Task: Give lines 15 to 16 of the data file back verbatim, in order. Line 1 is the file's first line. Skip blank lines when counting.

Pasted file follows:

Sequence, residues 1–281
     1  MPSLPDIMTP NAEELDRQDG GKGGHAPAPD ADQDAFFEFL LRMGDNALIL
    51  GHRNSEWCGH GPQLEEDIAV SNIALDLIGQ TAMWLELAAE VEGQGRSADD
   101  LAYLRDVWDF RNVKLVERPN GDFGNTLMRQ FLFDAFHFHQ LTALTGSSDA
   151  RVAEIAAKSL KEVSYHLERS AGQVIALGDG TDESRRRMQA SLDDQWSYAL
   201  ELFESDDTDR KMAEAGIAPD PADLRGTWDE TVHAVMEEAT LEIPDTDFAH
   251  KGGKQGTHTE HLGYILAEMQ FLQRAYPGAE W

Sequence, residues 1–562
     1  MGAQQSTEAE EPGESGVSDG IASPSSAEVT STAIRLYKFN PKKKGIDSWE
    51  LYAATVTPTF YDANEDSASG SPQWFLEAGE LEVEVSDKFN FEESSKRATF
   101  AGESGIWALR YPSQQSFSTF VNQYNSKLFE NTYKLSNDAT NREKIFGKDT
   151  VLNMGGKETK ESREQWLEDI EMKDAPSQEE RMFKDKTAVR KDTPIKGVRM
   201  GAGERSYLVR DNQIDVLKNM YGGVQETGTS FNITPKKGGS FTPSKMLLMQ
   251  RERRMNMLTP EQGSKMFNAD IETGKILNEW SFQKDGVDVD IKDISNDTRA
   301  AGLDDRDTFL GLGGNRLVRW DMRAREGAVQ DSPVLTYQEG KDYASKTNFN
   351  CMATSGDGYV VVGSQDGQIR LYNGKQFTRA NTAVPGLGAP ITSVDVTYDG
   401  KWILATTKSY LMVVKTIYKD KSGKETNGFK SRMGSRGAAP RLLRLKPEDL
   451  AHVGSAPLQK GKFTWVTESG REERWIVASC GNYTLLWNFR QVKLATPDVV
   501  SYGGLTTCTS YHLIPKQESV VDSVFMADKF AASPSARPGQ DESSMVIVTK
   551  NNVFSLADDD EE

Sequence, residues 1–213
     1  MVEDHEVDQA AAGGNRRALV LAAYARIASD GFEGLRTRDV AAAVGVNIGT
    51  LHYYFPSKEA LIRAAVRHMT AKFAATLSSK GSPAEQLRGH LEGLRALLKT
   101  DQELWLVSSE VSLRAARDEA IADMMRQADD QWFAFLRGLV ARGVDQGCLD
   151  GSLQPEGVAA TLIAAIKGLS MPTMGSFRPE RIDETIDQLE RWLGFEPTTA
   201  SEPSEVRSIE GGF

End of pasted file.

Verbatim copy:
   301  AGLDDRDTFL GLGGNRLVRW DMRAREGAVQ DSPVLTYQEG KDYASKTNFN
   351  CMATSGDGYV VVGSQDGQIR LYNGKQFTRA NTAVPGLGAP ITSVDVTYDG